23 August 2021 to 29 August 2021 is ‘Wills Week’ and a timely reminder to anyone who needs to update their estate plan.
1. What documents are included in my estate plan?
Your estate plan includes more than just your Will. It also includes:
- Enduring Power of Attorney – who is appointed to make decisions on your behalf in the event you become incapable to make those decisions;
- Advance Health Directive – who is appointed to make specific medical decision on your behalf;
- Death Benefit Nominations for your superannuation;
- Statement of Wishes;
- List of Specific Gifts;
- Digital Asset Register;
- Trust Deeds and Deeds of Variation;
- Business Succession documents.
2. When should I update my estate plan?
While we future-proof your estate plan as much as possible when drafting, circumstances change and it is important to review your estate plan every 3-5 years. Your estate plan should also be reviewed when specific events occur, including the following:
- If you have a significant change in your assets.
You may have left a specific gift (particularly real estate) of one asset to a beneficiary and you have since sold that asset. You may have new companies or family trusts and need to deal with the gifting of shares or control of the trusts in your Will.
- Significant change in your personal and family circumstances.
There may be new children or grandchildren that you want to include. You may need to update your enduring power of attorney so that your attorney can provide benefits for the needs of your new child.
A beneficiary may have passed away or no longer be part of the family through divorce. One beneficiary’s needs might have changed meaning they need a greater share of the estate.
- Change in your relationship, including marriage, divorce or separation.
It is important to note that divorce can render certain clauses invalid. Marriage can revoke part of a Will, unless your current husband/wife is your executor and beneficiary or unless your Will states that it was made in contemplation of your marriage. This can lead to parts of your Will being valid and other parts subject to the rules of intestacy.
Separation does not revoke your Will. Parties need to wait 12 months from separation before they can file for divorce. It is particularly important on separation to update your estate plan to ensure your former spouse does not remain your attorney, executor or beneficiary.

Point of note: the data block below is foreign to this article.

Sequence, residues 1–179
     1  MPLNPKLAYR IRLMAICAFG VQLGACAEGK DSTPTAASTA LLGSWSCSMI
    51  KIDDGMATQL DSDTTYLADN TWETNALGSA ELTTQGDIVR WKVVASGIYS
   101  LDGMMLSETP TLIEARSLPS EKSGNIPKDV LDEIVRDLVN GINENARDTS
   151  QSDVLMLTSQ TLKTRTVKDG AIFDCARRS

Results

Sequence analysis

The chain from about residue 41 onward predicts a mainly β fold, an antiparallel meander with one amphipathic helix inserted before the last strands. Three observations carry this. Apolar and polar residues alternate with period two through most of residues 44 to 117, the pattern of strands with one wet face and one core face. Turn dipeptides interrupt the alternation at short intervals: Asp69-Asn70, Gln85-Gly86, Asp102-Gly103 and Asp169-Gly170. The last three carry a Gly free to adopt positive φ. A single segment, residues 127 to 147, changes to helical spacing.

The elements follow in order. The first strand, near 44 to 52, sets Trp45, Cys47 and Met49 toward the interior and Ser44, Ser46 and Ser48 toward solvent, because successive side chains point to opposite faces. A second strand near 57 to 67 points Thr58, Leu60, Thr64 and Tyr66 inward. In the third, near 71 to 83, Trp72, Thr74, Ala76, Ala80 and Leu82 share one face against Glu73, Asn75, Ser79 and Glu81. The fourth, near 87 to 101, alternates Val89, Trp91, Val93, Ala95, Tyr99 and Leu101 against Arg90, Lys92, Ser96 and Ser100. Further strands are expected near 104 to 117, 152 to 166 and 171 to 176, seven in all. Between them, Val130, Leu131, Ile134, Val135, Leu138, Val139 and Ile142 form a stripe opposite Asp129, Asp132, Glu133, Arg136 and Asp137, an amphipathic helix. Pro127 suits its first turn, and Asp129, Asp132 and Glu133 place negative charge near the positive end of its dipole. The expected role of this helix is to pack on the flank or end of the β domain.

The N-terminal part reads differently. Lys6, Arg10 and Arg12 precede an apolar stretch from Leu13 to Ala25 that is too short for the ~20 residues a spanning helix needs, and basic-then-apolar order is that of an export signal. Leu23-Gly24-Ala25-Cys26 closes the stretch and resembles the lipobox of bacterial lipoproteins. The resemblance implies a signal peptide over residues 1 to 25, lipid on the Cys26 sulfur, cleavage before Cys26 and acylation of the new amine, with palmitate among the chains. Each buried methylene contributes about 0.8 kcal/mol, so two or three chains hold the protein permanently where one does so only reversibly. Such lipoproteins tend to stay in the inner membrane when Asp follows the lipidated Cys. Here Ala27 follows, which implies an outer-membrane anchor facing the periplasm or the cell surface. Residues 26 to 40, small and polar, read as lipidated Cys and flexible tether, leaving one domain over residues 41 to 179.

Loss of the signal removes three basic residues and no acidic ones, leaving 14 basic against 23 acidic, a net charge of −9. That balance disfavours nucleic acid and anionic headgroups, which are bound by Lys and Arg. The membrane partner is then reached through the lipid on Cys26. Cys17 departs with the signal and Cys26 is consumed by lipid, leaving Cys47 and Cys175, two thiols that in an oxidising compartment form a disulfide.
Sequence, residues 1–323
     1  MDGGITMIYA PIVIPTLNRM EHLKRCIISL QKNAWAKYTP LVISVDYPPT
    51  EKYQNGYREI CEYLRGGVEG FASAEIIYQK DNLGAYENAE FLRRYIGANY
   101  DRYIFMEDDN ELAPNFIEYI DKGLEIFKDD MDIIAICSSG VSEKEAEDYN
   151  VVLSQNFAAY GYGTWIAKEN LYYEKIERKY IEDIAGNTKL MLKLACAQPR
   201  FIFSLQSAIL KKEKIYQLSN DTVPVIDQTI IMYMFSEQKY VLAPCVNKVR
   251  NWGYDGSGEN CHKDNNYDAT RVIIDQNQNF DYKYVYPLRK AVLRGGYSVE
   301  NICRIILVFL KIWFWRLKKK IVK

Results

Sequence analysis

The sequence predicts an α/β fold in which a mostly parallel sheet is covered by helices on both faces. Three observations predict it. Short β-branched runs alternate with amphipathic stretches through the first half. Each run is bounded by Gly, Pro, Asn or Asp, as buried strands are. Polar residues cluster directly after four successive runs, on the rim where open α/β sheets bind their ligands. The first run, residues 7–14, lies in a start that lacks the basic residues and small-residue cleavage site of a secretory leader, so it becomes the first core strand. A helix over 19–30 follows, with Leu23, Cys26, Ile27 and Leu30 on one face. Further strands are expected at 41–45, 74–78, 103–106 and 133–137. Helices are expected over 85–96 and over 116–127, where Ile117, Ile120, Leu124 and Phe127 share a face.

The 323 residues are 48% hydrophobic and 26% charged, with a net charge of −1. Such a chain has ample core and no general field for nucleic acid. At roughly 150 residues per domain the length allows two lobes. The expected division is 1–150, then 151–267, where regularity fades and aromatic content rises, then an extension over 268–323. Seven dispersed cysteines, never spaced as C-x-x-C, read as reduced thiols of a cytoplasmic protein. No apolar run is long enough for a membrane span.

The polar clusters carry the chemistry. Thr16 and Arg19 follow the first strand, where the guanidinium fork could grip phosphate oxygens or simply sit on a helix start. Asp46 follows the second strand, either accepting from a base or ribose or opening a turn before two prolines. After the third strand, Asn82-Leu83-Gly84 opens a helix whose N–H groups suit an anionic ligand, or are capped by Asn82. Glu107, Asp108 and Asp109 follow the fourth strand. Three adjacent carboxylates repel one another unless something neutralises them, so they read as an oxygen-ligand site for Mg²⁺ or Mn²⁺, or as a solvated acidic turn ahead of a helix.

- Changes to your attorney or executor.
Acting as attorney or executor can be an onerous task. It may be that your attorney or executor is no longer suitable for or willing to undertake the role. Has your estate become more complex? Have the circumstances of your executor changed, such as health circumstances or a job with significant travel?
- Lapsing nominations
Superannuation is treated differently from the rest of your estate. You can specify how your death benefits are to be distributed on your death through ‘death benefit nominations’. Depending on your superannuation fund, some nominations lapse every three years. It is therefore essential to update your nominations regularly to ensure they remain in effect and do not expire.
3. Do I need to prepare a whole new Will?
Sometimes it may be necessary to complete a new Will which has the effect of revoking any previous Will you have made. If the change is only minor you can execute a Codicil, which is a separate document that either adds extra clauses or changes existing clauses in your current Will. It is important that you do not make any handwritten amendments to your Will which could invalidate the document.
A valid and up-to-date estate plan is an investment for your future. It ensures that your wishes can be carried into effect and that your proposed beneficiaries are able to receive the distributions you have provided for them. This also makes it easier for your attorneys and executors and can make the administration of your estate smooth and cost-effective.
We would be delighted to assist you updating your estate plan. Please email Lauren Nolan at email@example.com if you have any questions.